Elders set up watch to end cell deaths
Ian Gerard
28th December 2006

PALM Islanders have vowed that Mulrunji Doomadgee will be the last member of their community to die in custody.

Following the 2004 death that sparked riots in the north Queensland Aboriginal community, respected elder Ralph Norman, 64, is one of several members of a "cell watch" team that checks on the welfare of young men held in the local watch-house.

"We don't want that (death in custody) to happen again, and we have to try and get the message across to all the other young fellows, let them know about the community and let them know they're not on their own," Mr Norman said.

The cell watch team is part of the local men's group, an organisation whose popularity had waned but is now experiencing a resurgence, due to the efforts of Mr Norman and Robert Blackley.

The popularity reflects a new sense of purpose among Palm Island men.

"For too long the strong ones in the community have been the women," island leader Brad Foster last week told a 400-strong crowd, who had come to listen to Queensland Premier Peter Beattie and Aboriginal leader Noel Pearson talk about Doomadgee's death and the Director of Public Prosecution's failure to charge Senior Sergeant Chris Hurley.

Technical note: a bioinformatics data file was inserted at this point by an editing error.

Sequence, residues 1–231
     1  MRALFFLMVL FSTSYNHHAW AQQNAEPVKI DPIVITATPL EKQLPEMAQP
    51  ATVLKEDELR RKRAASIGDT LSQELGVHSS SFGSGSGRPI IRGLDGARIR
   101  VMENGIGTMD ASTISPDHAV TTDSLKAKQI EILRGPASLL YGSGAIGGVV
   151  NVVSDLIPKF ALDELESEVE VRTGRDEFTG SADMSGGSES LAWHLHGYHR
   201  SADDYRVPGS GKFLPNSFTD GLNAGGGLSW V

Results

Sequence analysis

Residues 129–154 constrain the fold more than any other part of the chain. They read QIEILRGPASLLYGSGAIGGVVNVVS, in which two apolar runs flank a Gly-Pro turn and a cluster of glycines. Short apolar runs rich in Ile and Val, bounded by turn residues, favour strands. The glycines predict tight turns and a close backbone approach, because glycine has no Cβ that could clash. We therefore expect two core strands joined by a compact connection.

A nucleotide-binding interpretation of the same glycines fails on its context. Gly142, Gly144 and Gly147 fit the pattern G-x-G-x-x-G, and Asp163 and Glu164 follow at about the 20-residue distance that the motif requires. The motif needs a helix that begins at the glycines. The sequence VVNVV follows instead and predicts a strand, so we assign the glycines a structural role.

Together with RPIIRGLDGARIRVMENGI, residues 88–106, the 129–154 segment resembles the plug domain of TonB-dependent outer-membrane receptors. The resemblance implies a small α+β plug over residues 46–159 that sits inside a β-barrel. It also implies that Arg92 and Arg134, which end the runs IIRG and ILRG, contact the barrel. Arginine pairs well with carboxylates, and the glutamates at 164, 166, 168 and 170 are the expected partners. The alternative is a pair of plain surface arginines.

Sergeant Hurley had earlier been blamed in a coroner's report for the death. "It's about time the men in this community started leading by example, and that is what's going to happen," Mr Foster said.

After a scuffle between Doomadgee and Sergeant Hurley, in which both men fell, Doomadgee was dragged to his cell with four broken ribs, a torn liver and a ruptured spleen. Police failed to carry out proper checks on him and he died shortly afterwards.

Now, when a man is arrested and taken to the Palm watch-house, police call a member of the cell watch team so they can visit and make sure there are no problems. On release, the men are offered one-on-one counselling.

"It's working out all right," Mr Norman said. "We want funding to do a night patrol now though. Many of the children from the furthest suburbs, we have to pick them up and take them and get them away from the community ... we don't want them to end up in Cleveland (jail in Brisbane)."

Mr Norman has lived on Palm Island all his life and he believes it's time for the community to fend for itself.

"All we want is a place where we can develop without depending on the taxpayers," he said. "We could work our own resources, like a fishing industry or a clam farm or oysters, but we have never got a program to get there and do it.

"Welfare dependency - we never get away from that. We are trying to break the cycle."